Plan Your Home Fire Escape
In a fire, seconds count. Seconds can mean the difference between residents of our community escaping safely from a fire or having their lives end in tragedy.
- Draw a map of your home with all members of your household, marking two exits from each room and a path to the outside from each exit.
- Practice your home fire drill twice a year. Conduct one at night and one during the day with everyone in your home, and practice using different ways out.
- Teach children how to escape on their own in case you can’t help them.
- Make sure the number of your home is clearly marked and easy for the fire department to find.
- Close doors behind you as you leave – this may slow the spread of smoke, heat, and fire.
- Once you get outside, stay outside. Never go back inside a burning building.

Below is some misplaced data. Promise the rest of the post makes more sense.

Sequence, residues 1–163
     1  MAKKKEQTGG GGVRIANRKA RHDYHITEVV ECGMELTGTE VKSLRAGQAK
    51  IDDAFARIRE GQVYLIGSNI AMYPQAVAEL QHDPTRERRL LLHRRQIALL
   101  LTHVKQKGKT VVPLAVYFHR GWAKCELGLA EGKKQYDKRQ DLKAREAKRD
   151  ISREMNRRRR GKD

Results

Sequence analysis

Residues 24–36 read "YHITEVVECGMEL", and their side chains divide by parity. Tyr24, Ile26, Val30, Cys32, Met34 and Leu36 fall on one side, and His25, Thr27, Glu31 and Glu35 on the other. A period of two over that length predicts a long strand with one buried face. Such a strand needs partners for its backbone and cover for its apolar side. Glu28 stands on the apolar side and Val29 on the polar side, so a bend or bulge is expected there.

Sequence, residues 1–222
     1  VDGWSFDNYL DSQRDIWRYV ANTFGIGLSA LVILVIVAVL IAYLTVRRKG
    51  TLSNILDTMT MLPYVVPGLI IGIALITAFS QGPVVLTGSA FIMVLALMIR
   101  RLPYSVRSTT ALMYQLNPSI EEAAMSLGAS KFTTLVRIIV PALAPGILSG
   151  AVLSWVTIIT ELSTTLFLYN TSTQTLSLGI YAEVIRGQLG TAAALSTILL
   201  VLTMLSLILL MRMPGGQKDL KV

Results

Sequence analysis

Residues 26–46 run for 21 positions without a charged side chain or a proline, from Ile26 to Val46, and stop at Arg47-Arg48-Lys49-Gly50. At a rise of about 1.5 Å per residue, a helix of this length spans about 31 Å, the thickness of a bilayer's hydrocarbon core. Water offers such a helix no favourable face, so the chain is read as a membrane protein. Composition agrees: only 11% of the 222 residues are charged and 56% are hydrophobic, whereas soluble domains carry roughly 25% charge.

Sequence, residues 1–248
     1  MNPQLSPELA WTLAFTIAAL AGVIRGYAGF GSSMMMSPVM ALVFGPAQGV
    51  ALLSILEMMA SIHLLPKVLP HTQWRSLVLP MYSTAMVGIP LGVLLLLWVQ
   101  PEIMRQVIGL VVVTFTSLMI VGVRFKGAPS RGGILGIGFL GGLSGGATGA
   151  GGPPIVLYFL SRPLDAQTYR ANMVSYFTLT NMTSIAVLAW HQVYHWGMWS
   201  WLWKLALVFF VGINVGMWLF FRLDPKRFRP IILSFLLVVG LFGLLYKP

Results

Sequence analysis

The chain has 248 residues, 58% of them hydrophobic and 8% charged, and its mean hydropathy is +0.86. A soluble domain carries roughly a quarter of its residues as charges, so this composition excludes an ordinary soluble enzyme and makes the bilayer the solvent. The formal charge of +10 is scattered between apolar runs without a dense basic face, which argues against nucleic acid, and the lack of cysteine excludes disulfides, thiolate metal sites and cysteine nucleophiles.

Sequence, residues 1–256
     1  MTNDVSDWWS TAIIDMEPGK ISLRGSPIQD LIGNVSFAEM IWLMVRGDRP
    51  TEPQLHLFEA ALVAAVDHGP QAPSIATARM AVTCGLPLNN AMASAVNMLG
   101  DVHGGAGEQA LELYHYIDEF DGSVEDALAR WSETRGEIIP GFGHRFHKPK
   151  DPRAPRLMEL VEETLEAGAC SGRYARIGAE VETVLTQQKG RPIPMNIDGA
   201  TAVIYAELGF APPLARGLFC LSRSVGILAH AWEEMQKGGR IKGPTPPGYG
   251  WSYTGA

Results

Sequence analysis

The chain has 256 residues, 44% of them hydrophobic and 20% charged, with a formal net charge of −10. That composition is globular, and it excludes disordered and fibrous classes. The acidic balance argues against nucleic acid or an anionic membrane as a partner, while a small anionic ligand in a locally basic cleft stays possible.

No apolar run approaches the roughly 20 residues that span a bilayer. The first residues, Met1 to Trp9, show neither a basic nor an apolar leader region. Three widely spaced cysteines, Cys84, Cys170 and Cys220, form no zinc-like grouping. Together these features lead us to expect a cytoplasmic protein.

- According to an NFPA survey, only one-third of Americans have both developed and practiced a home fire escape plan.
- Almost three-quarters of Americans do have an escape plan; however, less than half ever practiced it.
- One-third of survey respondents who made an estimate thought they would have at least six minutes before a fire in their home would become life threatening. The time available is often less. Only 8% said their first thought on hearing a smoke alarm would be to get out!